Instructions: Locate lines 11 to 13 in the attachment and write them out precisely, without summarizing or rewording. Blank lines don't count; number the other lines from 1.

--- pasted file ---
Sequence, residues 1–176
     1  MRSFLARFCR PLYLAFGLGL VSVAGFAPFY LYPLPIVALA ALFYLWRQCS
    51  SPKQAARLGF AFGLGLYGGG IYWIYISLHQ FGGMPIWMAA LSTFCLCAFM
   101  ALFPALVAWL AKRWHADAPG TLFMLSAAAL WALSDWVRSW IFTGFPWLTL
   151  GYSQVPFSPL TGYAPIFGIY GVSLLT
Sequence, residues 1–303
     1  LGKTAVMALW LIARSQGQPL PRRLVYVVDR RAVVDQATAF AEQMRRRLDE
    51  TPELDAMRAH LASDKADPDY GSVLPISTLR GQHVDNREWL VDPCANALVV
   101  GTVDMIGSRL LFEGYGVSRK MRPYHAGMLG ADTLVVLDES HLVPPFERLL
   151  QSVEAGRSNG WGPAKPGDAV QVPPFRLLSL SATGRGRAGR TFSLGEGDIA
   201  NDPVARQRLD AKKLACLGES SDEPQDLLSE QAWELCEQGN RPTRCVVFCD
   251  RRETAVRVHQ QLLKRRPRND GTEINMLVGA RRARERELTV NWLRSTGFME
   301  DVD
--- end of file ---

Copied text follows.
   201  NDPVARQRLD AKKLACLGES SDEPQDLLSE QAWELCEQGN RPTRCVVFCD
   251  RRETAVRVHQ QLLKRRPRND GTEINMLVGA RRARERELTV NWLRSTGFME
   301  DVD